Johanna Ortiz RTW Fall 2017

CALI, Colombia  Designer Johanna Ortiz has big expansion plans for her brand, targeting $10 million in sales by 2021 when she intends to have 50 stockists worldwide.

In 2017, the label is targeting a 20 percent increase in sales to $7.2 million as it adds new space in Neiman Marcus, debuts at London’s Selfridges and launches her first capsule collections for Bergdorf Goodman and Net-a-porter.

Since grabbing the spotlight with her off-shoulder tops (and inspiring a flurry of copy-cat designs) in spring 2014, Ortiz has seen a rapid expansion.

Turnover rose 247 percent to $6 million last year, as her Caribbean-glam dresses won followings in Paris and New York. Her production rose to 17,000 pieces from around 7,000 in 2015. In the past year, she has expanded staff to 230 people from 50.

But the designer was quick to note she isn’t seeking to grow too big, too fast.

“We are working with the retailers we want to work with and want to keep things exclusive and position the brand as a luxury designer one, not a commercial one,” Ortiz told WWD from her Cali atelier and office building where she employs 180 seamstresses making dresses that retail for an average of $2,500. “The idea is to expand into bridal and accessories and focus on quality.”

Production will increase 20 percent to 20,500 garments as Ortiz adds more stores worldwide and introduces bridal in May and handbags in spring. The label also plans to roll out a 10-piece eveningwear capsule collection for Bergdorf’s in December and a Net-a-porter exclusive party-dress line for fall. A second high-summer capsule is also in the works for Moda Operandi.

Ortiz, who dresses Beyoncé and the likes of Olivia Palermo, has also been improving her profitability, recently entering Colombia’s Zona Franca duty-free regime to bolster exports and cut income taxes by about 15 percent.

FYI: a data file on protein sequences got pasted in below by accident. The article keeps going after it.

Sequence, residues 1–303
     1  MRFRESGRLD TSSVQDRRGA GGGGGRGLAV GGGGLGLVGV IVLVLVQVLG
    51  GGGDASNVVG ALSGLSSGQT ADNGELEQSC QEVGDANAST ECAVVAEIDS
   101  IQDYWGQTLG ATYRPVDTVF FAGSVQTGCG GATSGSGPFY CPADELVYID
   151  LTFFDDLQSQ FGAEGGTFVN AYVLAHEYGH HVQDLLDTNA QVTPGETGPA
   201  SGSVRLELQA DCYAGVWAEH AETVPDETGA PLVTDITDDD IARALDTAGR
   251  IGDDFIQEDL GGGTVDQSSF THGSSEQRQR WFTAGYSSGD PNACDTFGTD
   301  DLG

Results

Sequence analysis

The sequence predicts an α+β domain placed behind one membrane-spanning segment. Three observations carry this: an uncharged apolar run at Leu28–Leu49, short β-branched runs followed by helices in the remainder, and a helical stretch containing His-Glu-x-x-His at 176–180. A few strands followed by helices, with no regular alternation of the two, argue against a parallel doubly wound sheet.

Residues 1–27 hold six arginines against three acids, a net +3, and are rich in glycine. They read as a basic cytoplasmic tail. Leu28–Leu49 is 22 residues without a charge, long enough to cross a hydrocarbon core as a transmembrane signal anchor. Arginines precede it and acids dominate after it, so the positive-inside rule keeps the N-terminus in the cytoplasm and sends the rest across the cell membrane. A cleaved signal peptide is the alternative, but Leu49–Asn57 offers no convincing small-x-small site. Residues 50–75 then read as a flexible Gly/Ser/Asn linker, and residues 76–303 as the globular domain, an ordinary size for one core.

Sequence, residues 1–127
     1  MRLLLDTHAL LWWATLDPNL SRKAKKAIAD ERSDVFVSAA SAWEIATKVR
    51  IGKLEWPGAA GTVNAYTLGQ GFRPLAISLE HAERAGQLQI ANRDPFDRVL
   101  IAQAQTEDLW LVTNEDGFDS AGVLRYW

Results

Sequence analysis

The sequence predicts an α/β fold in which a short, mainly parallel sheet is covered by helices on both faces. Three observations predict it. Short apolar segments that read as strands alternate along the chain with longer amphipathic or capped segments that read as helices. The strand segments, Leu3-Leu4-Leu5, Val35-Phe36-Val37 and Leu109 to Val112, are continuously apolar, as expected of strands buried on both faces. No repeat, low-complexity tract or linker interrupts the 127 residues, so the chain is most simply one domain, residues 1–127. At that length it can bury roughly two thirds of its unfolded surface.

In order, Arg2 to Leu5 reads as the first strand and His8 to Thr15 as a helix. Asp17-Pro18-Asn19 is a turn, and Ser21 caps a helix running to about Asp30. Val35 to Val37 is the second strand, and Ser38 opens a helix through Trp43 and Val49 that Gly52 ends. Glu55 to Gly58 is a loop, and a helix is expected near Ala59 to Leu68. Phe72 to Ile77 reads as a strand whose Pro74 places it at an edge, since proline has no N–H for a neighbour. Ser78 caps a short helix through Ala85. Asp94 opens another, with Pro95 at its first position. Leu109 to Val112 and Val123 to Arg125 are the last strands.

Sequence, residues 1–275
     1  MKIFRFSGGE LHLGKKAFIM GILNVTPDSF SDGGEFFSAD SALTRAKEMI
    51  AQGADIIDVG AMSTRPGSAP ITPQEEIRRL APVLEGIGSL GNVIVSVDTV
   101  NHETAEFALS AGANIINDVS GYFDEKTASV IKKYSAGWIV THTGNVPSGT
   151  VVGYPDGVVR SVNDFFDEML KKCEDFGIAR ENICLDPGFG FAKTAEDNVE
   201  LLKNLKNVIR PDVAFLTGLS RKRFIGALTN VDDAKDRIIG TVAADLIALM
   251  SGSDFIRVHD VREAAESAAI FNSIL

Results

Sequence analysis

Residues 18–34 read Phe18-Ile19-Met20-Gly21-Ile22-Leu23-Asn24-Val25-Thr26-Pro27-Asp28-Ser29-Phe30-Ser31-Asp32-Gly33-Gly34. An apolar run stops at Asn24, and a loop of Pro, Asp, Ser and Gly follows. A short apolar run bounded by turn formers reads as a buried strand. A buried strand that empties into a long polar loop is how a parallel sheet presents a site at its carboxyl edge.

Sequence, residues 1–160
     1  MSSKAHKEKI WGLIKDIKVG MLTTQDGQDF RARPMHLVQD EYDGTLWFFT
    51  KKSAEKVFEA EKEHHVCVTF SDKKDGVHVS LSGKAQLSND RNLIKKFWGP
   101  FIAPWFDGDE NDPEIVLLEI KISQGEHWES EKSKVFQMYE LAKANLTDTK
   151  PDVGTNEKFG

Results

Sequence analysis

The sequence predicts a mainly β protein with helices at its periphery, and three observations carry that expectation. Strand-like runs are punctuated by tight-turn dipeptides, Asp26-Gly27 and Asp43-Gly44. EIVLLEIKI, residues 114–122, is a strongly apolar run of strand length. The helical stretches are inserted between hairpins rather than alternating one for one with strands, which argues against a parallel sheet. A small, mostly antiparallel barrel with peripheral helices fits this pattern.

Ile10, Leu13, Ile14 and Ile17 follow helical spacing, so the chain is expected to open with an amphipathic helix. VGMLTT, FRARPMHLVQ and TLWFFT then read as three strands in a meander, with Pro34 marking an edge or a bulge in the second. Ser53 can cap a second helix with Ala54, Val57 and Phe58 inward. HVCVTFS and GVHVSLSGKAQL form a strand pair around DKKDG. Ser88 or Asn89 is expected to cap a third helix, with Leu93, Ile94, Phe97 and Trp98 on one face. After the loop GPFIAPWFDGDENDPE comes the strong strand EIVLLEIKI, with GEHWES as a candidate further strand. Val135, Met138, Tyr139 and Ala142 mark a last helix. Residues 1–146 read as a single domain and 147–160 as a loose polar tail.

“The operating costs have become very hard for the factory,” said Paula Ortiz, Johanna’s sister, who is the company’s chief operating officer.

The move will slash the cost of importing premium cotton, silk brocade and prints from Portugal, France and Holland, enabling the firm to more efficiently target export markets in the U.S., Europe and the Middle East.

It is seen boosting operating income by 20 percent next year to $2.5 million.

Ortiz envisages strong growth potential in the Middle East, where she could open many of her future doors and where she already sells through Harvey Nichols in Dubai. Other doors will be added in the U.S., U.K., France, Hong Kong and other markets to boost the number of stockists to 50 in the next three years.

Currently, Johanna Ortiz is available in 27 doors (21 brick-and-mortar and six online) in 12 countries.

Speaking at her office, where a large navy blue wall and shelves stocked with vintage fashion magazines and Taschen design books help her relax and inspire her work, Ortiz revealed she plans to launch a marketing campaign to help prevent copy-cat designers and retailers from mirroring her silhouettes.

Ortiz said so far she doesn’t plan any lawsuits against these copy-cats, adding, “We want to launch a campaign to speak to them and give them advice. How can you move up if you do the same things others do?”

On the upside, Ortiz said the copies have forced her to up the ante on creativity. She plans, for example, to venture out of her Cali rumba-tinged designs into slightly more sober silhouettes, juxtaposing festive ruffled tops with, say, tailored pinstriped pants.

One such look was already on display for fall when she mixed a shiny Eighties-retro burgundy top with a Thirties brown ruffled skirt or matched colorful bodysuits with low-waist pants and elegant white shirts, she said.

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